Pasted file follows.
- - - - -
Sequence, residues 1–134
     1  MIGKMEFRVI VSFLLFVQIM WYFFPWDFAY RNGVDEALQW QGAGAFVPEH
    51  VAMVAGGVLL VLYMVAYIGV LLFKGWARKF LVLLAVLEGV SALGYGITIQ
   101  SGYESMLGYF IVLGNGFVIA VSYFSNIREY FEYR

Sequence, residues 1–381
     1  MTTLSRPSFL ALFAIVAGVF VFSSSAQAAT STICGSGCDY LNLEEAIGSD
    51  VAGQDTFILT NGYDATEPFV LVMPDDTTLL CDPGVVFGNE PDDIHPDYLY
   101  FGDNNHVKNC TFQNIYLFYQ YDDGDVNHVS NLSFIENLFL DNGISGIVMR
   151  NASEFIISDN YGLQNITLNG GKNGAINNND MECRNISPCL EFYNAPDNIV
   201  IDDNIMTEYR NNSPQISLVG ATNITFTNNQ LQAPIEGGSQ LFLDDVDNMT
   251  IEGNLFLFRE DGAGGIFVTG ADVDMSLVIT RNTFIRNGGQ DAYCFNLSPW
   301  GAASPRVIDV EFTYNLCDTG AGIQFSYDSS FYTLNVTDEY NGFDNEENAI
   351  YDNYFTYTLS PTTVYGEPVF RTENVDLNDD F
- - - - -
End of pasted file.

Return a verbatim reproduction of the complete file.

Sequence, residues 1–134
     1  MIGKMEFRVI VSFLLFVQIM WYFFPWDFAY RNGVDEALQW QGAGAFVPEH
    51  VAMVAGGVLL VLYMVAYIGV LLFKGWARKF LVLLAVLEGV SALGYGITIQ
   101  SGYESMLGYF IVLGNGFVIA VSYFSNIREY FEYR

Sequence, residues 1–381
     1  MTTLSRPSFL ALFAIVAGVF VFSSSAQAAT STICGSGCDY LNLEEAIGSD
    51  VAGQDTFILT NGYDATEPFV LVMPDDTTLL CDPGVVFGNE PDDIHPDYLY
   101  FGDNNHVKNC TFQNIYLFYQ YDDGDVNHVS NLSFIENLFL DNGISGIVMR
   151  NASEFIISDN YGLQNITLNG GKNGAINNND MECRNISPCL EFYNAPDNIV
   201  IDDNIMTEYR NNSPQISLVG ATNITFTNNQ LQAPIEGGSQ LFLDDVDNMT
   251  IEGNLFLFRE DGAGGIFVTG ADVDMSLVIT RNTFIRNGGQ DAYCFNLSPW
   301  GAASPRVIDV EFTYNLCDTG AGIQFSYDSS FYTLNVTDEY NGFDNEENAI
   351  YDNYFTYTLS PTTVYGEPVF RTENVDLNDD F